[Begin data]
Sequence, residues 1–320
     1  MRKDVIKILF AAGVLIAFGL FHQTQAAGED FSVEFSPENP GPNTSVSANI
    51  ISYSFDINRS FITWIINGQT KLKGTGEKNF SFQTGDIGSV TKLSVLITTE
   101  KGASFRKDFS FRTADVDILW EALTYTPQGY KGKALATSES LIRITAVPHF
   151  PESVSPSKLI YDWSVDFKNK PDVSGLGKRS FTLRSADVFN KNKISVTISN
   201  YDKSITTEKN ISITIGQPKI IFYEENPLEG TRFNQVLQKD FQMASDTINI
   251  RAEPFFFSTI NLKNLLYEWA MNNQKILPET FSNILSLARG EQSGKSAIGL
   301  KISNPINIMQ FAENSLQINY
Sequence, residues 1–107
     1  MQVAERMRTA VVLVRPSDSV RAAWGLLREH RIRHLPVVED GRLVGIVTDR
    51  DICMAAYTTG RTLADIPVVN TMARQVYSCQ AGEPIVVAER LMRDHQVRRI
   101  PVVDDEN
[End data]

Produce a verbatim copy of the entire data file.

Sequence, residues 1–320
     1  MRKDVIKILF AAGVLIAFGL FHQTQAAGED FSVEFSPENP GPNTSVSANI
    51  ISYSFDINRS FITWIINGQT KLKGTGEKNF SFQTGDIGSV TKLSVLITTE
   101  KGASFRKDFS FRTADVDILW EALTYTPQGY KGKALATSES LIRITAVPHF
   151  PESVSPSKLI YDWSVDFKNK PDVSGLGKRS FTLRSADVFN KNKISVTISN
   201  YDKSITTEKN ISITIGQPKI IFYEENPLEG TRFNQVLQKD FQMASDTINI
   251  RAEPFFFSTI NLKNLLYEWA MNNQKILPET FSNILSLARG EQSGKSAIGL
   301  KISNPINIMQ FAENSLQINY
Sequence, residues 1–107
     1  MQVAERMRTA VVLVRPSDSV RAAWGLLREH RIRHLPVVED GRLVGIVTDR
    51  DICMAAYTTG RTLADIPVVN TMARQVYSCQ AGEPIVVAER LMRDHQVRRI
   101  PVVDDEN